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Quaternary deformation in SE Sicily: insights into the life and cycles of forebulge fault systems

Diego Di Martire1, Alessandra Ascione1, Domenico Calcaterra1, Giovanna Pappalardo2, Stefano Mazzoli1
 
1 Dipartimento di Scienze della Terra, dell’Ambiente e delle Risorse, Università degli Studi di Napoli Federico II, Largo San Marcellino 10, 80138 Napoli, Italy
2 Dipartimento di Scienze Biologiche, Geologiche e Ambientali, Università di Catania, Italy3
 
LITHOSPHERE; v. 7; no. 5; p. 519–534, 2015
doi:10.1130/L453.1
Abstract
Integrated geological, geomorphological, and differential interferometry synthetic aperture radar (DInSAR) data are used to constrain the timing and modes of activity of Quaternary fault systems in the Hyblean Plateau. This area, which represents a unique natural laboratory for studying surface deformation in relation to deep slab dynamics, has grown since middle Miocene times as a doubly plunging forebulge associated with slab rollback during NW-directed subduction. Bimodal extension has produced two mutually orthogonal normal fault systems. The detailed stratigraphic record provided by synrift sediments and postrift marine terraces allowed us to define the timing of activity of an early Pleistocene, flexure-related fault system, thus constraining the duration of a typical foreland extensional tectonic event to ~1.5 m.y. Subsequent late Quaternary to present deformation was dominated by strike-slip faulting associated with NW-oriented horizontal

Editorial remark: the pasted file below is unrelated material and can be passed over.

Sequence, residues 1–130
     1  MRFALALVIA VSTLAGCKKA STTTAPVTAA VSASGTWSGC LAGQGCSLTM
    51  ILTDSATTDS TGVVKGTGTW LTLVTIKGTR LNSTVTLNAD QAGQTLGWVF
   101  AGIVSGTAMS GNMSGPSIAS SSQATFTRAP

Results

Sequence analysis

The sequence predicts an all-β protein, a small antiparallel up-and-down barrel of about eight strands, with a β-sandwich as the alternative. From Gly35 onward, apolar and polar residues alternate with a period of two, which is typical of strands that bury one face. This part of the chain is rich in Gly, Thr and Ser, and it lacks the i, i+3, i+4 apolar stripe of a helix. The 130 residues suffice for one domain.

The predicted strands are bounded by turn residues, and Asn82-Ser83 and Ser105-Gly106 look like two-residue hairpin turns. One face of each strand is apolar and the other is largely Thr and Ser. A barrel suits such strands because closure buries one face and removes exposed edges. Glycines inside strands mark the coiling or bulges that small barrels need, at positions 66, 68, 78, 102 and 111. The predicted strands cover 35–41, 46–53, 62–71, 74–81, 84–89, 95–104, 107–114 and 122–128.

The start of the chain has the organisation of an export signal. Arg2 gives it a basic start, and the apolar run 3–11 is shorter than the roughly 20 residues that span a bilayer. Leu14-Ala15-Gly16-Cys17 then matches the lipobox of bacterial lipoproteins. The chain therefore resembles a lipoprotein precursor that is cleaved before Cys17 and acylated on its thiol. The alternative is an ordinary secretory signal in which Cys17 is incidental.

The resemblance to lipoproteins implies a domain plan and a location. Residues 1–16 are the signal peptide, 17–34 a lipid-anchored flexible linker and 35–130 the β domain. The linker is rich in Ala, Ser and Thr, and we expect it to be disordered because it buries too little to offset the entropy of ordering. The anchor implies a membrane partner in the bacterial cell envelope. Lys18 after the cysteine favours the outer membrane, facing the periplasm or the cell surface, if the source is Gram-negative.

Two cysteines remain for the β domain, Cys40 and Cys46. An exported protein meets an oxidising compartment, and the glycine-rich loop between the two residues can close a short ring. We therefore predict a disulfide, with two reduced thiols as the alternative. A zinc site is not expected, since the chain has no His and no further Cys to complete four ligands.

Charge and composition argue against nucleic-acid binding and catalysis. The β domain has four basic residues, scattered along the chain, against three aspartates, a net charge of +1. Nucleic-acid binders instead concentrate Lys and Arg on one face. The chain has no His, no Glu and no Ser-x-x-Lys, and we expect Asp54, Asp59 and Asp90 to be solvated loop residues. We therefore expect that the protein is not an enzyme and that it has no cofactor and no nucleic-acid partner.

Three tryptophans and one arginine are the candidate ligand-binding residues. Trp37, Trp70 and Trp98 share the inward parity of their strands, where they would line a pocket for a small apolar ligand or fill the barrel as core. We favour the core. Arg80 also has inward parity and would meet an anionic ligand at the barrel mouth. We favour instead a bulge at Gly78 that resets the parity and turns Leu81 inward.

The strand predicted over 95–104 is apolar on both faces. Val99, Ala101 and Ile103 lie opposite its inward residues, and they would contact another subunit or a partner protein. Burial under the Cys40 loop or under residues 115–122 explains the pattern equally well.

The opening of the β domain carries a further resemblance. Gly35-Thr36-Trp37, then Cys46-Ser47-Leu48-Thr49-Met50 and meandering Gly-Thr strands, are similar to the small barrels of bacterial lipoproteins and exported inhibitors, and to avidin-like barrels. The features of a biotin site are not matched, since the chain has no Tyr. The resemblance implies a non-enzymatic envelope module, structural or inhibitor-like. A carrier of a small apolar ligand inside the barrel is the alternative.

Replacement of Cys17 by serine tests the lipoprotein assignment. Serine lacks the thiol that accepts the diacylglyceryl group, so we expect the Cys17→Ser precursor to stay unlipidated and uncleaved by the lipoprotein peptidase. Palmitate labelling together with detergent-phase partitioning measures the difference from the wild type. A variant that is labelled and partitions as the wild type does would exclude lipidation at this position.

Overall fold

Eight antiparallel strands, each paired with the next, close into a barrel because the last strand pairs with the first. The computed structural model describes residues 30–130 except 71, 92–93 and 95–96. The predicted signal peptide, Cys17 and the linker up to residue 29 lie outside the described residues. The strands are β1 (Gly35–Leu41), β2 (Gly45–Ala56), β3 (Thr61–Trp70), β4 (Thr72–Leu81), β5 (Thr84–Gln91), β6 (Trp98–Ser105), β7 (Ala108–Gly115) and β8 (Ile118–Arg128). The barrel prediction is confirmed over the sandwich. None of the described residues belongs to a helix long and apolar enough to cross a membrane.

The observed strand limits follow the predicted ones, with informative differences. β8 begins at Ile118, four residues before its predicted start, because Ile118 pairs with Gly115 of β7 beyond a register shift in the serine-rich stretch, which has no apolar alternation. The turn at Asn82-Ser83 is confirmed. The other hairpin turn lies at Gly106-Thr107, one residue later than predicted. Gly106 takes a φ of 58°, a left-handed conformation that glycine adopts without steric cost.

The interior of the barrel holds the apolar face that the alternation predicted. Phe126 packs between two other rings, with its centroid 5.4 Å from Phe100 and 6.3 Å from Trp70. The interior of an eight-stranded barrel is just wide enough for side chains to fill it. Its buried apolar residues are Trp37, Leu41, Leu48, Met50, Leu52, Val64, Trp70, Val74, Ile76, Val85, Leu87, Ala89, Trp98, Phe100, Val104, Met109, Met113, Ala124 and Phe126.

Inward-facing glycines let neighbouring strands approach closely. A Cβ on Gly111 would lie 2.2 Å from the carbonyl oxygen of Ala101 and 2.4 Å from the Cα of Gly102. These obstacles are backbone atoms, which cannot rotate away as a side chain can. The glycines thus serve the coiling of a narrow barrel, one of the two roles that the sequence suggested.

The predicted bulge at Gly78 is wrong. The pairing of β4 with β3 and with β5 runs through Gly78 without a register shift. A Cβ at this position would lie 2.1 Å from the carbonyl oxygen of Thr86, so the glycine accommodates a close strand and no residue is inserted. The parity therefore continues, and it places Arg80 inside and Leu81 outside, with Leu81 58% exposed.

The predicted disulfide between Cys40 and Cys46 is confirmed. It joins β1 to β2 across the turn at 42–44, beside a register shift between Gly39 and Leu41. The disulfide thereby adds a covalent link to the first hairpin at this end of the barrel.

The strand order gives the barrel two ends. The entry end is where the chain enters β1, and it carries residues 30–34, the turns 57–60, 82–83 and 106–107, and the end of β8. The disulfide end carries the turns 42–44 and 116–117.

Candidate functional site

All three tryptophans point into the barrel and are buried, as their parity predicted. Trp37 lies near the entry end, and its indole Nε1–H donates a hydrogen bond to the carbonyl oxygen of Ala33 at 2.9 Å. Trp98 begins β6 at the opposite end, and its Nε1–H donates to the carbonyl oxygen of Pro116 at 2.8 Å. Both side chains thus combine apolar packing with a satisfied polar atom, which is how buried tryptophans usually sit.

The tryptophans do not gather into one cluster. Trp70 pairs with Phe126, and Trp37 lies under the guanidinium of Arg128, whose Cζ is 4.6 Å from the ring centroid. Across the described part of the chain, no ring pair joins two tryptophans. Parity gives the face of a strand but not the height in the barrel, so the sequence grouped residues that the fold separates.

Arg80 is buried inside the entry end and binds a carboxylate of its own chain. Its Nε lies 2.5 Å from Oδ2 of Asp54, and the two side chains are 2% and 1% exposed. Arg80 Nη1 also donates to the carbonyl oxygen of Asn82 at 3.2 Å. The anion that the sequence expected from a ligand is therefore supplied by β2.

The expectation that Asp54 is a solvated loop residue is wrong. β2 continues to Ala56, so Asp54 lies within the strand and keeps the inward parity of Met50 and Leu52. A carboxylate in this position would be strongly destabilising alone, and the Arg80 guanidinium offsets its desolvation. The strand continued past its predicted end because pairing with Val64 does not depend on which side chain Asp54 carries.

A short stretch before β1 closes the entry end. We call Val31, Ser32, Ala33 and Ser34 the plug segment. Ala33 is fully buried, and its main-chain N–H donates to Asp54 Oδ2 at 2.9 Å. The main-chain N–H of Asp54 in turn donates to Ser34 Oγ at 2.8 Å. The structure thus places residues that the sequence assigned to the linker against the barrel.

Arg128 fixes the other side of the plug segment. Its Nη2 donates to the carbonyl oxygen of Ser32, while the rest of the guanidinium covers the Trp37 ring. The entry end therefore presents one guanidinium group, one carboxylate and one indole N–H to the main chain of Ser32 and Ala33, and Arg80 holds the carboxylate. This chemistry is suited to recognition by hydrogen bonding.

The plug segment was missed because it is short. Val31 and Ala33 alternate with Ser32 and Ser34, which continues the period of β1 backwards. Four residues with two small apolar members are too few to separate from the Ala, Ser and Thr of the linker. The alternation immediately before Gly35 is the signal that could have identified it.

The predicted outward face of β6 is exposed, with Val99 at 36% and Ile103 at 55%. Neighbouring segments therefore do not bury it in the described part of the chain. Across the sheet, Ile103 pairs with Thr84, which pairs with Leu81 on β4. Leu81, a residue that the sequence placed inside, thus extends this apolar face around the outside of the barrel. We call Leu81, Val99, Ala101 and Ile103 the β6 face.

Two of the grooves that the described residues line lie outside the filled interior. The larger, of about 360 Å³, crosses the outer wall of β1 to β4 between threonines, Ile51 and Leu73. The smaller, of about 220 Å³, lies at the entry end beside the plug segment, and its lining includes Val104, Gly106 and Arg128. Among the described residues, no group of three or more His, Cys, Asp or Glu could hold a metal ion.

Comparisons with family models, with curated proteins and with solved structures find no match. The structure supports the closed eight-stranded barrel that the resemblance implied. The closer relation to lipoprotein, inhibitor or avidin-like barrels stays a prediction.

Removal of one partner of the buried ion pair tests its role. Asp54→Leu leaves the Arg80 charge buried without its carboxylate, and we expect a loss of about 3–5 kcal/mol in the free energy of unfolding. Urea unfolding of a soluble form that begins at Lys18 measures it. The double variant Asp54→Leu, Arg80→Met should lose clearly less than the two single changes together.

compression. During this latest stage, regional uplift progressively increased toward the thrust front to the NW and was accompanied by differential uplift accommodated by dip-slip components of motion along active NNW-trending faults. The general active tectonic setting of the study area, characterized by NW-oriented horizontal compression consistent with major plate convergence, and the regional uplift pattern can both be explained within the framework of intraplate shortening and foreland rebound following complete slab detachment, a major geodynamic event interpreted to have taken place at ca. 0.7 Ma in southern Italy.